The flutter kick is a kicking movement used in both swimming and exercise. Nonetheless, the flutter kick is commonly used in different strokes, like freestyle or backstroke. The flutter kick is not only meant to drive a swimmer forward, but it is also to keep the legs up and help the assist and stabilize the upper body and body rotations for the arms. Simply, all you have to do is move your legs up and down (one leg kicking downwards while the other leg moves upwards). The flutter kick is a basic skill in swimming the front crawl.
Learn how to do the flutter kick correctly with these couple of steps.
Step 1: Try the flutter kick in a stationary position.
- Do this by holding onto the pool wall or edge. Allow your body to extend so that it is as horizontal as possible in the water. Ideally, you want your face submerged in the water so that your body stays horizontal. However, you can take your head out of the water to breath, but remember that it will be more difficult to be horizontal and to stabilize your body in the water.
Step 2: Begin moving one leg up and down.
- Push one leg down in the water by slightly bending the knee and pushing the water down on top of your foot. The slight bend in the knee will allow the facilitation of the kicking action, but remember to not bend it too much otherwise it will create a drag. When doing it correctly, the power driven in your hip will naturally move the knee slightly. Do not forget to point and slightly turn inwards your toes to also minimize dragging within the water.
Step 3: Repeat step 2 with the opposite leg.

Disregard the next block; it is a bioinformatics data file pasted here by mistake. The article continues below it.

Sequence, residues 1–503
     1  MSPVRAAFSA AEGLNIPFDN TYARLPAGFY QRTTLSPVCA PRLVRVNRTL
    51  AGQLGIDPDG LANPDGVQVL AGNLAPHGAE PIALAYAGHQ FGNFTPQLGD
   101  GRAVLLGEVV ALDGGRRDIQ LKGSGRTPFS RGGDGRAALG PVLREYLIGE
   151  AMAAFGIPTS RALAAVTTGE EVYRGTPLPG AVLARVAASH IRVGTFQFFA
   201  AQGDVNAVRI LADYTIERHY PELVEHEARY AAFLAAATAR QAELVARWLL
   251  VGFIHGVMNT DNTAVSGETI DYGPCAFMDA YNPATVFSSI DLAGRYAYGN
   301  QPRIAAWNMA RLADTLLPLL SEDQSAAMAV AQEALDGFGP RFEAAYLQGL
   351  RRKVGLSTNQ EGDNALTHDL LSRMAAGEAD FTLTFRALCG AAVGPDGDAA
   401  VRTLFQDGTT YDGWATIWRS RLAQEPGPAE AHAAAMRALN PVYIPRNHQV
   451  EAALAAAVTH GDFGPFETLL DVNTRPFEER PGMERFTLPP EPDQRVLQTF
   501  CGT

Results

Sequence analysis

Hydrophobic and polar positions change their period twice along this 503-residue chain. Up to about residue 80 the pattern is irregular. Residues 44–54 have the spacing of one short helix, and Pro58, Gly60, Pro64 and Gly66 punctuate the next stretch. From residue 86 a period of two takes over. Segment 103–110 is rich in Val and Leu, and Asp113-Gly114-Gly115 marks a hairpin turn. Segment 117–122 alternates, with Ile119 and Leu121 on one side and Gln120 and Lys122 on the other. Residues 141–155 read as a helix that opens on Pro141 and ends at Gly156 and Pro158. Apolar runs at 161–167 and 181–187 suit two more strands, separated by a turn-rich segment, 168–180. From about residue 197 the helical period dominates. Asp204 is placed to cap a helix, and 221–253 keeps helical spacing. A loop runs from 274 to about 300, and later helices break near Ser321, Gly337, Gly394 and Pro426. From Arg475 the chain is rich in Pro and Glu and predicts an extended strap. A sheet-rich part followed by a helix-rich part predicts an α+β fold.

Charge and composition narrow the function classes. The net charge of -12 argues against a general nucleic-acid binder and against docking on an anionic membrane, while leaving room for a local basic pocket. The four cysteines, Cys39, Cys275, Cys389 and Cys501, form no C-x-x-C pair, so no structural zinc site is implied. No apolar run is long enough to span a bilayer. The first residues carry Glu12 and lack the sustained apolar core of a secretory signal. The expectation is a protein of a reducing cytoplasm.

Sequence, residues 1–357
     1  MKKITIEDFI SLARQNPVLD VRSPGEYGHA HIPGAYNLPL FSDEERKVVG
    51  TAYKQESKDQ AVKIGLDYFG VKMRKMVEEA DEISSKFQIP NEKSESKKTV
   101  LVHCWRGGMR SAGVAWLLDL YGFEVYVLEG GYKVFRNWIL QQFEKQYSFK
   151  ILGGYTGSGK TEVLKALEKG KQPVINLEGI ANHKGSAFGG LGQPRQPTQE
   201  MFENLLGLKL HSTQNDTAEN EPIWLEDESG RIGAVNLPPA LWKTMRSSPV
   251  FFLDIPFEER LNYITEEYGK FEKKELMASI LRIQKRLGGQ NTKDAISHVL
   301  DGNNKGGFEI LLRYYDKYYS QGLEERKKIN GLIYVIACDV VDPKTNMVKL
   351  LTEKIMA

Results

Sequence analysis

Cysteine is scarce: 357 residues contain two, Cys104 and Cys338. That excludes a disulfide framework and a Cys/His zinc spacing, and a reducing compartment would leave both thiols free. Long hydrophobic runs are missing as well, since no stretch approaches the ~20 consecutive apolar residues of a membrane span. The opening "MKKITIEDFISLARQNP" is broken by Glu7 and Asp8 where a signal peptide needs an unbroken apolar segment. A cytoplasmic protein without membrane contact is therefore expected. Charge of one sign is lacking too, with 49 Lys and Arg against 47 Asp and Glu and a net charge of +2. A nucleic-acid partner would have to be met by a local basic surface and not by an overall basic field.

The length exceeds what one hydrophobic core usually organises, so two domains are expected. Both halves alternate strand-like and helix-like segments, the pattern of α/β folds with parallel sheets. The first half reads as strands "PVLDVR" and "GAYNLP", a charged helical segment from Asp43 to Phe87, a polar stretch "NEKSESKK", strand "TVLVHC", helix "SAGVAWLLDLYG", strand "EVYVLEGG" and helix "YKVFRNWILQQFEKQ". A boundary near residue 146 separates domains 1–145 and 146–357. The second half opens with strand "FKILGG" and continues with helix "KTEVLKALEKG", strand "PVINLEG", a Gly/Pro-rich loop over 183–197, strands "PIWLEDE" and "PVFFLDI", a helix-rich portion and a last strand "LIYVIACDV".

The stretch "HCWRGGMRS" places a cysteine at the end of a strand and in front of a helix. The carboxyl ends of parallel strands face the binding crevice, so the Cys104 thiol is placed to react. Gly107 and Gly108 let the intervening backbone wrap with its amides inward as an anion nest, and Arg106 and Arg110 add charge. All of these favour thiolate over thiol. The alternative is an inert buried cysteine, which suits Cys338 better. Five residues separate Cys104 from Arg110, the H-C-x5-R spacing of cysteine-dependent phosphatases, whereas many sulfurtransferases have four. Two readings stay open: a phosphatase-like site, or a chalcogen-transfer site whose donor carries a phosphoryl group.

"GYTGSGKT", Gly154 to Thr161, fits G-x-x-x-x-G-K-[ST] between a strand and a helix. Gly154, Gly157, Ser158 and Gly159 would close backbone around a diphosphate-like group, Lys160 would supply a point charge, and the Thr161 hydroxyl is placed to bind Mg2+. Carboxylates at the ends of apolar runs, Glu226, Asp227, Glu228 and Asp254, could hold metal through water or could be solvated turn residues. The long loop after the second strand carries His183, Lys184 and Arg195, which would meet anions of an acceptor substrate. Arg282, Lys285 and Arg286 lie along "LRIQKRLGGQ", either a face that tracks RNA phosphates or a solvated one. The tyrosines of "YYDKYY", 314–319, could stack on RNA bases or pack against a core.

- Continue following the directions from step 2 on the opposite leg. Remember to keep in mind that your legs and feet should stay in the water while kicking.
Step 4: Now try alternating legs to kick.
- Keep one leg down while the other floats up. Do this a couple times and begin increasing the speed until you are kicking in a quick pace. If you are having trouble during this time, that is okay. For example, if your legs are sinking in the water, then try pushing your chest further down into the water. However, if your legs are rising up too much, then allow your back to float towards the surface of the water or kick at a lower strength and speed.
Step 5: Start slowly letting go of the pool wall or edge.
- See if you can maintain the flutter kick as well as a horizontal position in the water. This will prepare you to start moving in the water with the flutter kick.
Step 6: Try moving in the water by practicing the flutter kick with a kickboard.
- Use a kickboard in the pool and use it as a support by holding it in your hands out in front of you. Get into a horizontal position and begin the flutter kick. Remember to adjust the strength and speed of your kick according to your body position. Again, holding your head out of the water to breathe is acceptable, but you may not find yourself to be horizontal.
Step 7: Try to flutter kick without any water equipment.
- Do this by pushing yourself off the pool wall using your legs. When you emerge into the water, straighten your body so that you are horizontal. Once you feel yourself losing momentum from the push off the wall, begin the flutter kick. Your arms should be above your head, one hand on top of the other hand, and do not forget to point your toes.